When the Veteran Affairs forest falls to the budget axe, does anyone in government hear it?

The wider federal public service has grown by 34 per cent in the last 10 years, Veterans Affairs Canada staff has grown by a mere 12 per cent. The elimination of 500 positions alone will bring VAC to below its 2001 staffing levels.

Veterans Affairs Canada files: Why is Veterans Affairs Minister Steven Blaney eagerly encouraging that his department be subjected to one of the largest proportional cuts of any federal government department, asks veterans’ advocate Sean Bruyea. Photograph by Jake Wright, The Hill Times

By Sean Bruyea

PUBLISHED : Friday, March 9, 2012 6:37 PM-THE HILL TIMES

OTTAWA—Veterans want it. Veterans Affairs employees want it. The opposition wants it. Canadians who understand the issues support it.

So why is the government, including Veterans Affairs Minister Steven Blaney, ignoring everyone else’s call to exempt his department from the fast-approaching budget axe? And just why is Veterans Affairs Minister Blaney eagerly encouraging that his department be subjected to one of the largest proportional cuts of any federal government department?

On March 6, the opposition Parliamentary galleries were filled with veterans proudly wearing medals and supported by family members hoping for something good from Parliament. Sadly, they all looked on with dismay and palpable distaste as the governing Conservatives present unanimously rejected the opposition’s motion to exempt Veterans Affairs Canada from the upcoming budget cuts. Prime Minister Stephen Harper and Veterans Affairs Committee member Rob Anders were noticeably absent.

The day before, the House of Commons debated the motion sponsored by NDP MP Peter Stoffer. It is a sound and logical request. Liberal veterans affairs critic Sean Casey pointed out that the U.S., Britain, and Australia have made similar exemptions for their veterans.

In spite of passionate pleas from the opposition parties, including heart-wrenching accounts of the individual suffering of veterans and their widows, the response from the government side was near robotic defending a department that has a long history of poor management practices.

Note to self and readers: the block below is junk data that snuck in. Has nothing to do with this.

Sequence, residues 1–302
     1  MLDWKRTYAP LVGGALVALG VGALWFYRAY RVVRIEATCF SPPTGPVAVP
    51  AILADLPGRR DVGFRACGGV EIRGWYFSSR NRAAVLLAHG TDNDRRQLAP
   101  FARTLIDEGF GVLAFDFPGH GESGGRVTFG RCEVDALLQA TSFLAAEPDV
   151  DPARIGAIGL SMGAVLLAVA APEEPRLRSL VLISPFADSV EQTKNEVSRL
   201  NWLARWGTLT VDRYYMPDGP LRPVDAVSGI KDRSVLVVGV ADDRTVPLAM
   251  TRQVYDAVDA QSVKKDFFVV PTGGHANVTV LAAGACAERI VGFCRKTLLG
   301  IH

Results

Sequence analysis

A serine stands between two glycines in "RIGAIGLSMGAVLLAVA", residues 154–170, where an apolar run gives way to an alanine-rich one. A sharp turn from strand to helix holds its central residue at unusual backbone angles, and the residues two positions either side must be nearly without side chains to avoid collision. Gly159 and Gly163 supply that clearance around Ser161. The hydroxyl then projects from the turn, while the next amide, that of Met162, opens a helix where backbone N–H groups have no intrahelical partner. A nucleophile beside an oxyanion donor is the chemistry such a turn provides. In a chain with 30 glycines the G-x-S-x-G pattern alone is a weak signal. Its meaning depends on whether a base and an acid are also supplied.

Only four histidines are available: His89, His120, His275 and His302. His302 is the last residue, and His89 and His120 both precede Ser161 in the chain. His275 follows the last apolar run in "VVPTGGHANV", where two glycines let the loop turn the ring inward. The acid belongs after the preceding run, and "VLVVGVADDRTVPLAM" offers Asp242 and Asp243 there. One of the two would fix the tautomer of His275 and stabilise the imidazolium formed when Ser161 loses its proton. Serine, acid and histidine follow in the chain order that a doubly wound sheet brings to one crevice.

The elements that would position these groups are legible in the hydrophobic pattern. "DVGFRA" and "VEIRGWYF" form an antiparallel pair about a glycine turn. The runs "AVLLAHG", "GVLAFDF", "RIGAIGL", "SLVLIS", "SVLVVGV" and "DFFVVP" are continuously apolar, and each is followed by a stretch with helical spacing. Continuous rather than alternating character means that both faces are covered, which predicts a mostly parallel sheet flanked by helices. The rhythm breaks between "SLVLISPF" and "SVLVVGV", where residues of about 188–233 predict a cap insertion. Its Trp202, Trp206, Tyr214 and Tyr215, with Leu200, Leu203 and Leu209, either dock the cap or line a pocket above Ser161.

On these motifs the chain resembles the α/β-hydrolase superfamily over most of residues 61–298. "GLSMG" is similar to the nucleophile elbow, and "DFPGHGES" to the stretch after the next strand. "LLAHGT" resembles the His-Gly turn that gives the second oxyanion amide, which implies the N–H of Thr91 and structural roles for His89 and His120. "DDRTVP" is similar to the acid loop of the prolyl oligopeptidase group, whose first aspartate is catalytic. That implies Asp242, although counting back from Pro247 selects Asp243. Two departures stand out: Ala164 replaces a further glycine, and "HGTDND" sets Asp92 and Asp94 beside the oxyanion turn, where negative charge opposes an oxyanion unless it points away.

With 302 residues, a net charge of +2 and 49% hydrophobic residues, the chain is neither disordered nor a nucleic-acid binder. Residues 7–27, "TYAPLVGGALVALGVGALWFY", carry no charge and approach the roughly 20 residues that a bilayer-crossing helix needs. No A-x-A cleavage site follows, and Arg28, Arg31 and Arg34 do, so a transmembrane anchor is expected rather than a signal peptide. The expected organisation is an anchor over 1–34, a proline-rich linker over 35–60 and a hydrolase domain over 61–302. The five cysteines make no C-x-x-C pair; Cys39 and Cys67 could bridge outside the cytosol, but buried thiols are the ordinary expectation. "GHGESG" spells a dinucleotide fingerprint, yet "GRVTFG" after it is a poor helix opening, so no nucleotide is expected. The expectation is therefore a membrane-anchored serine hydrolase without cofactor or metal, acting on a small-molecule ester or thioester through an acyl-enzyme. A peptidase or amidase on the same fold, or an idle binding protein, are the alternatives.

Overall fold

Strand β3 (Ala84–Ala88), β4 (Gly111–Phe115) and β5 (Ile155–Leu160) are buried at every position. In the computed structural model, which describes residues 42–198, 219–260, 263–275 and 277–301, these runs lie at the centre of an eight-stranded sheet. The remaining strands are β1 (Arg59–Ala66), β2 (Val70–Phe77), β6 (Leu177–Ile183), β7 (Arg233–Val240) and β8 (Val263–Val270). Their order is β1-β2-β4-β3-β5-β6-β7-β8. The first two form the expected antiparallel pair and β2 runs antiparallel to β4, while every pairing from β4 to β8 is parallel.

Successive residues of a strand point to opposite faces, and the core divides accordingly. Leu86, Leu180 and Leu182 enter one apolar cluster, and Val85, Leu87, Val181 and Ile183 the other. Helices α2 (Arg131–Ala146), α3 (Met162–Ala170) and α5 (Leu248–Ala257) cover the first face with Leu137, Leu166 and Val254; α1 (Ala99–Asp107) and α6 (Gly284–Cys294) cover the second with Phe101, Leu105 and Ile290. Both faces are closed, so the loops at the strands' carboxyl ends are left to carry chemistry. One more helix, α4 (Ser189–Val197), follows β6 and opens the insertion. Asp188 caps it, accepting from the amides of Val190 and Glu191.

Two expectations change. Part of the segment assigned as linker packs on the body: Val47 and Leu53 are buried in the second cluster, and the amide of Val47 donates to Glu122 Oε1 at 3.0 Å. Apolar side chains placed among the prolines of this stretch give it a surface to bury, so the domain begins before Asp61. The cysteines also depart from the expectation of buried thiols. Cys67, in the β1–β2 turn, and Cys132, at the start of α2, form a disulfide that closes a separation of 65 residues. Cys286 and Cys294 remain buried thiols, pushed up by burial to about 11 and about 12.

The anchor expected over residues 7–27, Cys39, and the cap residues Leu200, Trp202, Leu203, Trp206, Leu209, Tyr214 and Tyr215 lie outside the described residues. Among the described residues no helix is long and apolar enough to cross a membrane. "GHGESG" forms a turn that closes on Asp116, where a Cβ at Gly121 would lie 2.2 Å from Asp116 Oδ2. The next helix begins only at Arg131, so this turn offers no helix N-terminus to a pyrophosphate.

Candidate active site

“We are making life easier for them when they deal with the government and Veterans Affairs,”  said Blaney, claiming the government  “plan will reduce cumbersome red tape and provide our veterans with the hassle-free service they deserve.”

The first of many steps to the plan which will ostensibly provide  “hassle-free service”  is centred upon last year’s announcement to cut 500 positions, equivalent to approximately 600 jobs or almost 14 per cent of the 4,457 current employees. Whereas the wider federal public service has grown by 34 per cent in the last 10 years, Veterans Affairs Canada staff has grown by a mere 12 per cent. The elimination of 500 positions alone will bring VAC to below its 2001 staffing levels.

Just how fewer employees will make life easier and provide “hassle-free service” at VAC is a cruel riddle for injured soldiers and their families, as well as employees.

NDP MP Christine Moore put it succinctly, “budget and staffing cuts will inevitably compromise the department’s ability to deliver services to the country’s veterans.”

The national president of the Union of Veterans’ Affairs Employees agrees, “More job cuts but not less work,” said Yvan Thauvette to media recently. “Because people are stressed, tired and burned out, it’s not the time to cut additional positions within that department.”

How stressed are they? Frontline employees have an average of 1,000 individual veterans or widow clients for whom they are responsible. This gives the workers less than two hours per year to devote to each client.

Troublingly and unbeknownst to the most senior departmental officials, Veterans Affairs Canada head office has assigned many of the frontline staff who once helped out those applying for pain and suffering awards to do the work of the head office. Perhaps this is one of the reasons why thousands of applications are turned down annually, instead being forced to review and appeal hearings.

Too many employees is not Veterans Affairs Canada’s problem.

What the minister and government have grossly confused is the difference between red-tape bureaucracy and the number of bureaucrats. There is indeed far too much bureaucratic red-tape but there are also far too few bureaucrats to deal with the workload. Reducing the red-tape cannot come at the cost of eliminating the necessary one-on-one interface that all grieving widows and disabled military members require.

Where will the injured, confused and lost be forced to turn? Fully 80 per cent of Veterans Affairs Canada’s  “clients”  are expected to make first contact after such tragedies with the internet. Senior managers have concocted a plan which expects that everything from submitting disability applications to making appointments with therapists will be done online. Imagine confessing one’s most tragic suffering and sacrifice to Canada to an online service.